NVIDIA Expands vGPU Software to Accelerate Workstations, AI Compute Workloads

Support for NVIDIA A40 gives remote users best-in-class RTX graphics performance; NVIDIA GPU Operator support streamlines management of containerized AI workloads.
by Anne Hecht

Designers, engineers, researchers, creative professionals all need the flexibility to run complex workflows – no matter where they’re working from.

With the newest release of NVIDIA virtual GPU (vGPU) technology, enterprises can provide their employees with more power and flexibility through GPU-accelerated virtual machines from the data center or cloud.

Available now, the latest version of our vGPU software brings GPU virtualization to a broad range of workloads — such as virtual desktop infrastructure, high-performance graphics, data analytics and AI —  thanks to its support for the new NVIDIA A40  and NVIDIA A100 80GB GPUs. The new release also supports the NVIDIA GPU Operator, a software framework that simplifies GPU deployment and management.

Powerful Performance for Power Users

NVIDIA RTX Virtual Workstation (vWS) software is a major component of the vGPU portfolio, designed to help users run graphics-intensive applications on virtual workstations. With NVIDIA A40 powering NVIDIA RTX vWS, professionals can achieve up to 60 percent(1) faster virtual workstation performance per user and 2x(2) faster rendering than the previous generation RTX 6000 GPUs.

NVIDIA A40 includes second-generation RT Cores and third-generation Tensor Cores to help users accelerate workloads like photorealistic rendering of movie content, architectural design evaluations, and virtual prototyping of product designs. With 48GB of GPU memory, professionals can easily work with massive datasets and run workloads like data science or simulation with even larger model sizes.

NVIDIA A40 support with the latest vGPU software enables complex graphics workloads to be run in a virtualized environment with performance that is on par with bare metal.

“With support for NVIDIA’s latest vGPU software, and the new NVIDIA A40 with Citrix Hypervisor 8.2 and Citrix Virtual Desktops, we can continue providing the performance customers need to run graphics-intensive visualization applications as their data and workloads grow,” said Calvin Hsu, vice president of product management at Citrix. “The combination of Citrix and NVIDIA virtualization technologies provides access to these applications from anywhere, with an experience that is indistinguishable from a physical workstation.”

The NVIDIA vGPU January 2021 software release supports the NVIDIA A100 80GB to deliver increased memory bandwidth, unlocking more power for large models. This builds on the September release, which introduced compute features that included support for the NVIDIA A100 Tensor Core GPU, the most advanced GPU for AI and high performance computing.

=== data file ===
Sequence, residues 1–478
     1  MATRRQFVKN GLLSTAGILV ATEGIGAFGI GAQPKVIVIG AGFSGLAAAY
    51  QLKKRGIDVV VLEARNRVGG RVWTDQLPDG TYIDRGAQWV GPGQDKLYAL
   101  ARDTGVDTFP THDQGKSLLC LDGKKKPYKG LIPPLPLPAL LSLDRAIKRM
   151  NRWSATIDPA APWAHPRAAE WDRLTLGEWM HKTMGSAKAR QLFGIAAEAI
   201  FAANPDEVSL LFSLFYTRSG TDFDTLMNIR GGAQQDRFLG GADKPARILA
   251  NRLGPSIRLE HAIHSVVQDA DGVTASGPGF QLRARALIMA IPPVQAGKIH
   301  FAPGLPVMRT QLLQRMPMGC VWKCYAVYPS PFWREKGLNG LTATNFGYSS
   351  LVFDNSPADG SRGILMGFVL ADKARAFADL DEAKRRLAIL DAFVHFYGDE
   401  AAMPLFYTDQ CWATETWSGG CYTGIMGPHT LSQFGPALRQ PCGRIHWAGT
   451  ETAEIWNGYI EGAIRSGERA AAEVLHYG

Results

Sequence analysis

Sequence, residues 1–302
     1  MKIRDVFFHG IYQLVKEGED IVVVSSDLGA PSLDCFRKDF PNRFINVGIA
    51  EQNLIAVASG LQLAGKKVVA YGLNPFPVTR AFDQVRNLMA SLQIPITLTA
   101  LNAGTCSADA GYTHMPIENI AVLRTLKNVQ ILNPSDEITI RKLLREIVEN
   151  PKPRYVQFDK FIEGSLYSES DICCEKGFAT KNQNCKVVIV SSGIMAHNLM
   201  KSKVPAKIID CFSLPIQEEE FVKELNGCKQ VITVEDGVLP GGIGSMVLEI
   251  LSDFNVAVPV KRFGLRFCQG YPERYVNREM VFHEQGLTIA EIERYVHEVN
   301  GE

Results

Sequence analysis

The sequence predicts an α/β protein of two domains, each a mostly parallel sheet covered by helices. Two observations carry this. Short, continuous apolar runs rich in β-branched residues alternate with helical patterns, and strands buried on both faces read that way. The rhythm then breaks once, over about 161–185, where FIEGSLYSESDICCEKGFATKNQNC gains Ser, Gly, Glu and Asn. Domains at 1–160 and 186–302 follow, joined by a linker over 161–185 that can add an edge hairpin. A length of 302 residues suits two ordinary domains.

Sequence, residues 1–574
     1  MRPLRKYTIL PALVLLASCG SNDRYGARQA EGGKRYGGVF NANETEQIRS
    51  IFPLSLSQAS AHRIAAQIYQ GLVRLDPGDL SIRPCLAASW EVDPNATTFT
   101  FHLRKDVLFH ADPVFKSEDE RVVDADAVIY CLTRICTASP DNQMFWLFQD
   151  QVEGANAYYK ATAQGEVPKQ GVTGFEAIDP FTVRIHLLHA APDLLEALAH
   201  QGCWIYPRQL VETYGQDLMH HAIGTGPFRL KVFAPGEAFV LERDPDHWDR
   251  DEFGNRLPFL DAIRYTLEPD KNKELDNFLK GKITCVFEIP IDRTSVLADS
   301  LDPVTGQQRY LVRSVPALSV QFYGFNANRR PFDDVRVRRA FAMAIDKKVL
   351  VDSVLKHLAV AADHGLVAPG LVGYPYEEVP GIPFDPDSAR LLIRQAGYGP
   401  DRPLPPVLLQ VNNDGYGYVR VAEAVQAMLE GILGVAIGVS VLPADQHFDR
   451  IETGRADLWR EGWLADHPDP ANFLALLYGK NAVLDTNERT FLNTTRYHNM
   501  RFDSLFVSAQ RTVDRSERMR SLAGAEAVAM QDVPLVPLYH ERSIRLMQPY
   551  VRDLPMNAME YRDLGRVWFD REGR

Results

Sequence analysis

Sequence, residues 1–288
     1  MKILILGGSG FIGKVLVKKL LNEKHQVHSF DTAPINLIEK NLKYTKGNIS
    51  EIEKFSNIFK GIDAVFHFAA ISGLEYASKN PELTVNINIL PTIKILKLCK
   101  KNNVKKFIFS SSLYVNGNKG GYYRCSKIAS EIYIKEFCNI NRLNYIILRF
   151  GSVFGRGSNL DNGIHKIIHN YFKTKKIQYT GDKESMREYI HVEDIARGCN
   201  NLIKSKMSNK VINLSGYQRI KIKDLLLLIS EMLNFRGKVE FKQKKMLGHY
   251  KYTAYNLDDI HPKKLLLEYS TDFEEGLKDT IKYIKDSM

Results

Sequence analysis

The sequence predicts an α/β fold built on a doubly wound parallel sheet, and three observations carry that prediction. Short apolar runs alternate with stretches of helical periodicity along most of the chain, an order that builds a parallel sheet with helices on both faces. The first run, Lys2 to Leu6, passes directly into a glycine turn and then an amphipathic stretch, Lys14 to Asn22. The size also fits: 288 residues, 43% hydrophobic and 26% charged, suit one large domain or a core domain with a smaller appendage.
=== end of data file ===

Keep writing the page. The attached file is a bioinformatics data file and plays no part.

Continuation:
Additional new features include simplified GPU management in Kubernetes through NVIDIA GPU Operator, which is now supported with NVIDIA Virtual Compute Server and NVIDIA RTX vWS software. Containers, including the GPU-optimized software available in the NGC catalog, can be easily deployed and managed in VMs.

With this new release, customers and IT professionals can continue managing their multi-tenant workflows running in virtual machines using popular hypervisors, like Red Hat Enterprise Linux, while the certified GPU Operator brings a similar experience to containerized deployments on top of Red Hat virtualization platforms using Red Hat OpenShift.  

“The combination of NVIDIA’s latest generation A40 GPU and NVIDIA vGPU software, supported with Red Hat Enterprise Linux and Red Hat Virtualization, offers a powerful platform capable of serving some of the most demanding workloads ranging from AI/ML to visualization in the oil and gas as well as media and entertainment industries,” said Steve Gordon, director of product management at Red Hat. “As organizations transform and increasingly use containers orchestrated by Kubernetes as key building blocks for their applications, we see Red Hat OpenShift as a likely destination for containerized and virtualized workloads alike.”

To find a certified server, see the NVIDIA vGPU Certified Server page.

Learn more about NVIDIA vGPU software portfolio, which includes:

  • NVIDIA RTX Virtual Workstation (RTX vWS) (formerly known as Quadro Virtual Data Center Workstation or Quadro vDWS)
  • NVIDIA Virtual Compute Server (vCS)
  • NVIDIA Virtual PC (vPC) (formerly known as GRID vPC)
  • NVIDIA Virtual Applications (vApps) (formerly known as GRID vApps)


1. Tested on a server with Intel Xeon Gold 6154 3.0GHz 3.7GHz Turbo, RHEL 8.2, vGPU 12.0 software, running four concurrent users per GPU, RTX6000P-6Q versus A40-12Q, running SPECviewperf 2020 Subtest 4K 3dsmax-07 composite.

2. Iray 2020.1. Render time (seconds) of NVIDIA Endeavor scene.